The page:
The check-sheet form that principals use to evaluate teachers in the Chicago Public Schools contains six broad themes that are broken down into 33 skill areas. The options for rating teachers on each skill area are “strength,” “weakness” or “does not apply.”

Ratings in three of the broad themes—instruction, school environment and professional and personal standards—are based on the two class visits required of the principal. The other three—school-wide environment, community relationships and professional responsibility—are rated through unspecified “additional observations.”

The skill areas include such things as:

provides written lesson plans

provides bulletin board

maintains attendance book(s)

presents an appearance that does not adversely affect the students’ ability to learn

is punctual and regular in attendance to school & duty assignments.

The two-page form contains three lines where principals may include additional “local school unit criteria” to assess and another three lines for comments, which are sometimes—but not often—given. More often, teachers simply receive their checkmarks and a one-word summary, usually “superior” or “excellent.” Sometimes, the one-word summary is all they get.

Few teachers, principals or observers of the check-sheet forms find them adequate, although some teachers are concerned that a revised system might not maintain the forms’ objectivity. Here is what some of them had to say:

Different voices, similar views

Pam Clarke, senior associate director, Leadership for Quality Education, which has been facilitating joint CTU-CPS sessions on the topic

“It’s just not a meaningful process. It’s a piece of paper that has to be filed, and it’s filed, and it’s never thought about again. Everybody was in agreement that they want to make this a process that starts a dialogue. Even outstanding teachers have areas they can improve upon.”

Xavier Botana, director of teacher accountability, Chicago Public Schools

“It should be changed to reflect something that is clearly connected to what you want kids to know and be able to do. It may be more than a form. It has to be well-understood, which begs for a higher level of clarity and specificity.”

Clarice Berry, president, Chicago Principals and Administrators Association

“It’s so generic. There are some specific things that should be tied into the instructional focus that principals are expected to maintain. It needs to be more streamlined in terms of what is actually happening in the schools right now.”

Donald Feinstein, principal, Chicago Academy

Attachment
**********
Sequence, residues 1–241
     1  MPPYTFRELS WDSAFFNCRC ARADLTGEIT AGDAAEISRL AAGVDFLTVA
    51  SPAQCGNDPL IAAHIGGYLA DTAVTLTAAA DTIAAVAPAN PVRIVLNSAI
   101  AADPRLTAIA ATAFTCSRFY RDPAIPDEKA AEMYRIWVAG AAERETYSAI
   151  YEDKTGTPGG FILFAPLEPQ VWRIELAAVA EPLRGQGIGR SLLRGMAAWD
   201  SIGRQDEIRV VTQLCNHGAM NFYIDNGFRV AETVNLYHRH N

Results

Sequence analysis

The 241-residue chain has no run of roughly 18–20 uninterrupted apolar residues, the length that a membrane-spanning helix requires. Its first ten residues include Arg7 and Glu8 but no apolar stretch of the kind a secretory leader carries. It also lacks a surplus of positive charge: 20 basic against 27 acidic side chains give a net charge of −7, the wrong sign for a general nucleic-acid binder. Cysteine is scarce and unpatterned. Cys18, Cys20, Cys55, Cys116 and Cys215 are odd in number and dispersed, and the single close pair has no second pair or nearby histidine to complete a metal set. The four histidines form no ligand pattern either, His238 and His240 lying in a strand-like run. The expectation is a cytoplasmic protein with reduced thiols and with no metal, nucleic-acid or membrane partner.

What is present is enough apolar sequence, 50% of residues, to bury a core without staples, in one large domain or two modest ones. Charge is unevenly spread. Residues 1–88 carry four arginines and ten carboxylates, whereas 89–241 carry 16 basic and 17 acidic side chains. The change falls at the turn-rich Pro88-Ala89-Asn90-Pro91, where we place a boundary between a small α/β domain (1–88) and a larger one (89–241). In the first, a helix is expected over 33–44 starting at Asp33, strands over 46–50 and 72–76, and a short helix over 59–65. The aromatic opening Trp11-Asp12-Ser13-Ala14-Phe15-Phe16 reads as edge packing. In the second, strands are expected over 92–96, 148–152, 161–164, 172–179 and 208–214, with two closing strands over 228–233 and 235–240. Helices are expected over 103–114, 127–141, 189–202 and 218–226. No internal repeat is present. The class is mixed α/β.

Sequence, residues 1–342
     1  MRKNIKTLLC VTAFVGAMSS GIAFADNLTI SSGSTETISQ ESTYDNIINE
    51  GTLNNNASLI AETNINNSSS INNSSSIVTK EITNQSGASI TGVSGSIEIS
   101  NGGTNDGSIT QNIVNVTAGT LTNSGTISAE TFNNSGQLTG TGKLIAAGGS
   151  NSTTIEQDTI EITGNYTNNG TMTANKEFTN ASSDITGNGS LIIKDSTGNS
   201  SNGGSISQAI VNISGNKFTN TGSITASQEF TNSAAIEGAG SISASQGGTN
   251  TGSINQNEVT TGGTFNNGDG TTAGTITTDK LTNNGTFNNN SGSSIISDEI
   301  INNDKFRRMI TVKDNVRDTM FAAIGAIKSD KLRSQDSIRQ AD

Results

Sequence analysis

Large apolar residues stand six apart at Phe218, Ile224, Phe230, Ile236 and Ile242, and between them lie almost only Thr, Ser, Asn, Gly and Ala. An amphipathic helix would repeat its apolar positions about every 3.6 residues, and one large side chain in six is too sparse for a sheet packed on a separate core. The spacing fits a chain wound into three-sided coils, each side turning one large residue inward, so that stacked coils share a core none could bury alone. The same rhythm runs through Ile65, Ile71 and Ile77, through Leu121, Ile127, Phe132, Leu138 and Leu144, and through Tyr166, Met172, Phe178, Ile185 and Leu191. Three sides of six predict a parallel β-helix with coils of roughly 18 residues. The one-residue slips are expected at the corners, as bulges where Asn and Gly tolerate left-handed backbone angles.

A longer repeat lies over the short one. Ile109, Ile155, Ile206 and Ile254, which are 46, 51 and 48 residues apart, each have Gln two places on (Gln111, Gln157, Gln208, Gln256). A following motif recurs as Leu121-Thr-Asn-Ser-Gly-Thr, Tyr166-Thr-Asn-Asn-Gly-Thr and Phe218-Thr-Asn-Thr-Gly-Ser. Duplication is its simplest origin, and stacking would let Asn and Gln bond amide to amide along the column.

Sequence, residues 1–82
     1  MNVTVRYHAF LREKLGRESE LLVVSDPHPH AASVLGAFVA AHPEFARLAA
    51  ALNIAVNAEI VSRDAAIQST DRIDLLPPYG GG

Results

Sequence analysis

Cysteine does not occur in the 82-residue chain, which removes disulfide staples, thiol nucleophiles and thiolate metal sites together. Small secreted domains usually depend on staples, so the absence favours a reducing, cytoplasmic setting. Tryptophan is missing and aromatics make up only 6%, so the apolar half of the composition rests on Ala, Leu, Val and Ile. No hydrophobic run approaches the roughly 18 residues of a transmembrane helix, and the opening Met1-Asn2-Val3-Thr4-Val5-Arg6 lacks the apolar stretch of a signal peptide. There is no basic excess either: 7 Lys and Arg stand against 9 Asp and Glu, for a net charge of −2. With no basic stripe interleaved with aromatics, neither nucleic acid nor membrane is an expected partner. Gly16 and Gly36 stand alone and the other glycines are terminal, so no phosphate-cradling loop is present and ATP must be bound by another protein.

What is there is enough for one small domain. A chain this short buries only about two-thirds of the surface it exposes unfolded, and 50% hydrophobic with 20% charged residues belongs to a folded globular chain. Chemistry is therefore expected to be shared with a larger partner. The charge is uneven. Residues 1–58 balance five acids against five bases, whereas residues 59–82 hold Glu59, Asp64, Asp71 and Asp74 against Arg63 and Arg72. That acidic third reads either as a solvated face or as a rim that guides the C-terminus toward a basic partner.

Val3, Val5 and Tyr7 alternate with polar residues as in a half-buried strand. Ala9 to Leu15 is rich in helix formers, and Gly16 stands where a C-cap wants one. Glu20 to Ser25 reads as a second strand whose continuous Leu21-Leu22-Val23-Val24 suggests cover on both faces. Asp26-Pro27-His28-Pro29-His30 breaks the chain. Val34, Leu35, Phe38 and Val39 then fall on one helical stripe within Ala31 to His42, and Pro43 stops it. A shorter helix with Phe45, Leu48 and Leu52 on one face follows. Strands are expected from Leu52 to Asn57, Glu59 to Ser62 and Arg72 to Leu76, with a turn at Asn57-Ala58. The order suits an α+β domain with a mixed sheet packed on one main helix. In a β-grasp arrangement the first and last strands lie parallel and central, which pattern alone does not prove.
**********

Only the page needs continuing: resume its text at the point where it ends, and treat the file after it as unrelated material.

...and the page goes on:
“Some of the line by line items could be made a little more relevant and authentic, and genuine to teacher evaluation. It’s vague, a little archaic, and could be more relevant to the duties and responsibilities and activities that teachers perform on a day-to-day basis.”

Cydney Fields, principal, Ray Elementary

“Some of the stuff that’s in there may be important in terms of, what is the role of the teacher, maintaining attendance books and lesson plans. It’s not that it’s not important, but that’s not, when I go into a classroom to observe, what’s at the top of my mind. I’m looking at how they present the instruction, and the kinds of strategies they use, and are they meeting the needs of all of the learners.”

Linda Sienkiewicz, principal, Audubon Elementary

“There’s areas that, I look at them and wonder, what are we actually supposed to observe? I don’t even know how to judge a teacher’s performance on a couple of the categories that are listed. There’s nothing that mentions test data, student progress in terms of standardized tests or any other kind of diagnostic testing.”

Allen Bearden, assistant to the president for educational issues, Chicago Teachers Union

“It’s just a check-sheet, things like whether your room is in order, whether a bulletin board’s up. Not that these things don’t have value, but they’re not informative about your practice.”

Sandra Finkel, librarian and art appreciation teacher, Franklin Magnet

“It seems pretty general. We’re professionals, and it covers the things we do. Principals could use it as a real punishment for teachers. If they don’t like a teacher, they could give them a poor rating for ‘keeps an attractive classroom.’ “

Bella Rudnick, 2nd-grade teacher, Lozano Bilingual

“This way it’s not so critical and it’s not so personal. You just go down a checklist. Then you don’t say, ‘Why did he write this on hers, and he didn’t write this on mine?’ Maybe this keeps it where you don’t take it so personally. It’s safe.”

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